27 January 2012

She Owns Me

You don’t own me. Nobody does.

It is the anthem of the wasteland, the title track by the artist known as self, and he is crooning it out in a low quiet growl because he wrote it for his wife and he wants her to know that always and forever, he will let her touch him in the ways that he likes but when he loses interest he will go to his screen for an easier glow and come back to her when that goes dim––and why? Because his marriage is for him.

You don’t own me. Nobody does.
This life is for me. (I’m so bored I can’t wait to die.)

Have you been humming this song, wobbling to its rhythm for so long now that you forgot it was even playing? Switch the track and try something new...
My lover is mine and I am his. 
(Song 2:16) 
It is the anthem of paradise, sung in the Song of Songs, and the lady sings it twice because she wrote it for her lover and herself and she wants us to know that always and forever, he will be drink for her, and she, food for him––and why? Because their marriage is for them.

I am my lover’s and my lover is mine. 
(Song 6:3)

Where does it come from––this mysterious belonging––that a man could own his woman and a woman, her man? What warrants this claim on a person not oneself? But that’s just it, isn’t it? She is yourself.

Second chapter, Genesis:
A man shall leave his father and his mother and shall cleave unto his wife: and they shall be one flesh.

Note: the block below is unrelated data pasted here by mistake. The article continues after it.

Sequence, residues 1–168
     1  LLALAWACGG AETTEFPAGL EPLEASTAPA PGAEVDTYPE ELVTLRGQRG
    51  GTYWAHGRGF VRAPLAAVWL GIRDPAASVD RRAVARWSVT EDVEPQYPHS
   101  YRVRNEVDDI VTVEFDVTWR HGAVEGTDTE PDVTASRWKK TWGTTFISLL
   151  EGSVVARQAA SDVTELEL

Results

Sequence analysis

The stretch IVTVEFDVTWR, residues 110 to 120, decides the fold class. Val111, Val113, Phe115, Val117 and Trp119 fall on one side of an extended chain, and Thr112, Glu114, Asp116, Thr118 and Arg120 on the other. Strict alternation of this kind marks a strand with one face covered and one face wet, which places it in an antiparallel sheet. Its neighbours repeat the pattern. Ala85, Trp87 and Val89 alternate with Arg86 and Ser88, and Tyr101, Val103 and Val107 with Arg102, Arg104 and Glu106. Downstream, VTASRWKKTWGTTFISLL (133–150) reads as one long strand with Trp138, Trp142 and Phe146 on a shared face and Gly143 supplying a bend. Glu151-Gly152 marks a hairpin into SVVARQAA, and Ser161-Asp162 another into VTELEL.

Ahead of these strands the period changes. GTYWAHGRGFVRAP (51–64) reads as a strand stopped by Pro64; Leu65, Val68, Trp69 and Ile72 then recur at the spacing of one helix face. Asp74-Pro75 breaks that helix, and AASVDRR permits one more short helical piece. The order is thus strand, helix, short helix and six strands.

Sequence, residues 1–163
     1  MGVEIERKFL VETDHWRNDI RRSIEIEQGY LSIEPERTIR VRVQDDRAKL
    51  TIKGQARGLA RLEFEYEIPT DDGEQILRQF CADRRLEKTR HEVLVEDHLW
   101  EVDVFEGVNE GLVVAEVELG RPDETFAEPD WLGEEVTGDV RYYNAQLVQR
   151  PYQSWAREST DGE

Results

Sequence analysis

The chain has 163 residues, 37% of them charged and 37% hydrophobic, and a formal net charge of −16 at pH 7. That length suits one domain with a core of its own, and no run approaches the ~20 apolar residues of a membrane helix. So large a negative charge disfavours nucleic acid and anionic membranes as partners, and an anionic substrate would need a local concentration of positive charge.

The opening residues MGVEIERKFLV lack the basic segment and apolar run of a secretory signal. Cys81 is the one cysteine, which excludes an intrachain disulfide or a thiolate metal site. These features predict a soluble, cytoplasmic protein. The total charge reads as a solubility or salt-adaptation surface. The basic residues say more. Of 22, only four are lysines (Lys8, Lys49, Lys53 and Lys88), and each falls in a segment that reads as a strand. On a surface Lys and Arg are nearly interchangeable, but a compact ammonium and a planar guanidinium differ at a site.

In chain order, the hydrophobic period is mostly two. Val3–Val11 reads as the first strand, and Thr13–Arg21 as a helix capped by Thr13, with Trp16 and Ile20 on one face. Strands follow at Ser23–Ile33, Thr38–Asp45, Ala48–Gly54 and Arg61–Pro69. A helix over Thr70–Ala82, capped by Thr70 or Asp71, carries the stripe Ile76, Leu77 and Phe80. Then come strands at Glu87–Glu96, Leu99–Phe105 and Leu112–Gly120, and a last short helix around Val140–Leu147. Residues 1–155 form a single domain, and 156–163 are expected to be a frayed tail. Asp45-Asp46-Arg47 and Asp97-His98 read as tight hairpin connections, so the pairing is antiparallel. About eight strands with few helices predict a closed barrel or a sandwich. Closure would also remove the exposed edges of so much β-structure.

Cleave––like two clods of rain-drenched dust-turned-mud, two God-breathed clumps welded together in their present and future by the water of commitment.
She owns me.

I am her very own man. Before she was mine, I was my own: a potential to be this or that for who knows what other woman. But now that is over––if I am to be hers and she is to be mine. My prospects have changed from what they were at my birth. My potential is hidden inside of her, as is yours in the one you call yours.

Think of it. She makes you different from who you were born. Far-flung fields of existence where you had never imagined yourself walking––from the rearing of children to the repair of a house––now open before you because you are hers. You see the need that she has, and you step in and answer it and become her man. Do you see what has happened? Her need has planted the seed that will grow you into the tree you could never have been. Because your life is for her.

Look up at that tree! Look, look up at those green gleaming leaves and imagine with me who you might become were you to be hers. 

 All hers.


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